After her divorce, Dunham married Indonesian student Lolo Soetoro, who was attending college in Hawaii. When Suharto, a military leader in Soetoro's home country, came to power in 1967, all Indonesian students studying abroad were recalled, and the family moved to the island nation. They lived in the Menteng area of Jakarta. From ages six to ten, Obama attended local schools in Jakarta, including Besuki Public School and St. Francis of Assisi School.
In 1971, Obama returned to Honolulu to live with his maternal grandparents, Madelyn and Stanley Armour Dunham, and attended Punahou School, a private college preparatory school, from the fifth grade until his graduation from high school in 1979.
Obama's mother returned to Hawaii in 1972, remaining there until 1977 when she relocated to Indonesia to work as an anthropological field worker. She finally returned to Hawaii in 1994 and lived there for one year before dying of ovarian cancer.

Following high school, Obama moved to Los Angeles in 1979 to attend Occidental College. After two years he transferred in 1981 to Columbia University in New York City, where he majored in political science with a specialization in international relations and graduated with a B.A. in 1983. He worked for a year at the Business International Corporation, then at the New York Public Interest Research Group.



external image harvard-logo001.gif

After four years in New York City, Obama moved to Chicago, where he was hired as director of the Developing Communities Project (DCP), a church-based community organization originally comprising eight Catholic parishes in Greater Roseland (Roseland, West Pullman and Riverdale) on Chicago's far South Side. He worked there as a community organizer from June 1985 to May 1988. During his three years as the DCP's director, its staff grew from one to thirteen and its annual budget grew from $70,000 to $400,000. He helped set up a job training program, a college preparatory tutoring program, and a tenants' rights organization in Altgeld Gardens.Obama also worked as a consultant and instructor for the Gamaliel Foundation, a community organizing institute. In mid-1988, he traveled for the first time in Europe for three weeks and then for five weeks in Kenya, where he met many of his paternal relatives for the first time. He returned in August 2006 in a visit to his father's birthplace, a village near Kisumu in rural western Kenya.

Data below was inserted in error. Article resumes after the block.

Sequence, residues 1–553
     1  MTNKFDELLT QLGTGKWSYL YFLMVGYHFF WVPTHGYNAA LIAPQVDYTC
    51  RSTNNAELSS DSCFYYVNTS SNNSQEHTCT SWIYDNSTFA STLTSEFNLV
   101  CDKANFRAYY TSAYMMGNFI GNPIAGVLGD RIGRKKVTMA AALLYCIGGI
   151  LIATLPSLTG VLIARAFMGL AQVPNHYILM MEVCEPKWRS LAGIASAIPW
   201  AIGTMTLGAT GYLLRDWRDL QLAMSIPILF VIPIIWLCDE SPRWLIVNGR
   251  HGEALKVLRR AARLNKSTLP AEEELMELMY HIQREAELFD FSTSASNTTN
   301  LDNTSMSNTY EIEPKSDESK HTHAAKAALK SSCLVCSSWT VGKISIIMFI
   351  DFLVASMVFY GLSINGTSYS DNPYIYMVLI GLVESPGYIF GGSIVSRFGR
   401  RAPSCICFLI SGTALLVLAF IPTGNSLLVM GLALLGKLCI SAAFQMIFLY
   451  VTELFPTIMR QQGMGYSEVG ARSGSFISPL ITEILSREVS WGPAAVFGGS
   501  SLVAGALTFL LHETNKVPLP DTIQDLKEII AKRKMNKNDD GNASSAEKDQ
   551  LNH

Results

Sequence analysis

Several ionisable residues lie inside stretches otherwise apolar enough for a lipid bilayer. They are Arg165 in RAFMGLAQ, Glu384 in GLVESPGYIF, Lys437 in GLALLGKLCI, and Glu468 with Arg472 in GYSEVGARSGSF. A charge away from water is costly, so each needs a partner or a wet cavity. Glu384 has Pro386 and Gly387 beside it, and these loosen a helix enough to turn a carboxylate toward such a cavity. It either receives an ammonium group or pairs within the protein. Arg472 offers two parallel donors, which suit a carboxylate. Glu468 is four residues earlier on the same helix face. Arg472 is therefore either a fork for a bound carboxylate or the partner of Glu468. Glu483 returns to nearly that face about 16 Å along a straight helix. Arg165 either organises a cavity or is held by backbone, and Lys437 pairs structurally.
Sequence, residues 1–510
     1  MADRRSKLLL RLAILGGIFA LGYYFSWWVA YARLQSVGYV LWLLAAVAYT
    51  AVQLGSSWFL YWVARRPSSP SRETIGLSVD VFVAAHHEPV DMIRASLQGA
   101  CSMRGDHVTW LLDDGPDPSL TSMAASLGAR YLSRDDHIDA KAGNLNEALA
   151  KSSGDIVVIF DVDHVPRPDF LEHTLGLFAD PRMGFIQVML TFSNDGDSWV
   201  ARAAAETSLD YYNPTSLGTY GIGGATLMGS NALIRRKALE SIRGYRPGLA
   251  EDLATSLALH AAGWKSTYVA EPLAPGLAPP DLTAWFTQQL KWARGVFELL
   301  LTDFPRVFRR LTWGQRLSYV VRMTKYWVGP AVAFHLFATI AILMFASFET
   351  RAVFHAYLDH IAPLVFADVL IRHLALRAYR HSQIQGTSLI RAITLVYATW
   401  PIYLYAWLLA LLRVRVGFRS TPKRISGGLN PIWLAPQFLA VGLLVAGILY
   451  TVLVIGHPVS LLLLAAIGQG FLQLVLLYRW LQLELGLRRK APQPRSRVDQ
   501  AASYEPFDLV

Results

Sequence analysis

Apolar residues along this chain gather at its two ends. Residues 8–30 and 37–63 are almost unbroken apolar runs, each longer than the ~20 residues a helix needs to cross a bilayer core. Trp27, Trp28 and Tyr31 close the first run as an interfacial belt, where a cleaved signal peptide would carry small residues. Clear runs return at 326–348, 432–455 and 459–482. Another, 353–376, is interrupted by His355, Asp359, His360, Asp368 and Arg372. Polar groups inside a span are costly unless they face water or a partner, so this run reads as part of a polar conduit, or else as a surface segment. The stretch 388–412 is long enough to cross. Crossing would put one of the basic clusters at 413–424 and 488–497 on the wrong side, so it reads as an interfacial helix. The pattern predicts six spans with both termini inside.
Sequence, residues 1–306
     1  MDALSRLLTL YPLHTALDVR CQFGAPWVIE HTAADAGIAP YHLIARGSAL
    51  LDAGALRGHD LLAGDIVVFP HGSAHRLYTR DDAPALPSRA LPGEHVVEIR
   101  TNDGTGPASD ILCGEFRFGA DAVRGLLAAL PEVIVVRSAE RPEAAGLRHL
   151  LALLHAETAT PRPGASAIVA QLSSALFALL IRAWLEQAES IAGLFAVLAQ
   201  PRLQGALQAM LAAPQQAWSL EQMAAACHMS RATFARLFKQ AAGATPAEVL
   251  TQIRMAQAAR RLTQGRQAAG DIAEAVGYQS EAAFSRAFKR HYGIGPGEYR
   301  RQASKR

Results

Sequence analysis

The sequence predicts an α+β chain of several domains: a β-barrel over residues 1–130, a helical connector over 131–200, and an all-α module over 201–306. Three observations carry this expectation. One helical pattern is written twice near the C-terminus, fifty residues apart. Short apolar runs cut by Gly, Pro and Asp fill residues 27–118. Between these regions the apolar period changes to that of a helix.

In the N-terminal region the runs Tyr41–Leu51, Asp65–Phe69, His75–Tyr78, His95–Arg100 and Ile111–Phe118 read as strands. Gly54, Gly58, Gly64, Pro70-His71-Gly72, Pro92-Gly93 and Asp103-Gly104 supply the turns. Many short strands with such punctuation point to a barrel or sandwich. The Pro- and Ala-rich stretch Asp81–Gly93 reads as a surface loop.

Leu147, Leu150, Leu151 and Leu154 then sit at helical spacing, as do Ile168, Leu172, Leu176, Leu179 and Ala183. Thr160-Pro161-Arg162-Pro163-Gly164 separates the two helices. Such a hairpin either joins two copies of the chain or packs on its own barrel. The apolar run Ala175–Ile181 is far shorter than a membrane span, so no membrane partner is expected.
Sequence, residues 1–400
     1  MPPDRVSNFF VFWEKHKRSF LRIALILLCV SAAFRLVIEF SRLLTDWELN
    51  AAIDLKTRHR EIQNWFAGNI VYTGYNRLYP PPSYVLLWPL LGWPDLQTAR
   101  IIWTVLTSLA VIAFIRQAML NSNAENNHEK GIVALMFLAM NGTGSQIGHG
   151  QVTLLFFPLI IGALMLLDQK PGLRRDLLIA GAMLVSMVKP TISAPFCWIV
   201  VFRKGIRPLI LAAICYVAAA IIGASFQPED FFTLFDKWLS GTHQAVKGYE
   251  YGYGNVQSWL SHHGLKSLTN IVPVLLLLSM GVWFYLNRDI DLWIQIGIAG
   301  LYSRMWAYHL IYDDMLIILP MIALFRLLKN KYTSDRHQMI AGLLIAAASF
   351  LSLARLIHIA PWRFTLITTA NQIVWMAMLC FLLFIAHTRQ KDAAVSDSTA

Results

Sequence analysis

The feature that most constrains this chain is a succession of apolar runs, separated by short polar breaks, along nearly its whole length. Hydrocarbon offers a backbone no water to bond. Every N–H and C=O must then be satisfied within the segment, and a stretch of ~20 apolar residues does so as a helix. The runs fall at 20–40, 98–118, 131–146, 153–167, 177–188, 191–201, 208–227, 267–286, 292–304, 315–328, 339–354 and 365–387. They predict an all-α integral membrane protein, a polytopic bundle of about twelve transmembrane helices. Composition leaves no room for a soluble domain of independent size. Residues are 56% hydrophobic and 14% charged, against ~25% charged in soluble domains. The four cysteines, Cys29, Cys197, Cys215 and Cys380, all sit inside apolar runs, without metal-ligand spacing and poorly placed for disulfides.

In late 1988, Obama entered Harvard Law School. He was selected as an editor of the Harvard Law Review at the end of his first year,and president of the journal in his second year. During his summers, he returned to Chicago, where he worked as a summer associate at the law firms of Sidley Austin in 1989 and Hopkins & Sutter in 1990. After graduating with a Juris Doctor (J.D.) //magna cum laude// from Harvard in 1991, he returned to Chicago. Obama's election as the first black president of the //Harvard Law Review// gained national media attention and led to a publishing contract and advance for a book about race relations, which evolved into a personal memoir. The manuscript was published in mid-1995 as Dreams from My Father.

external image moz-screenshot-6.png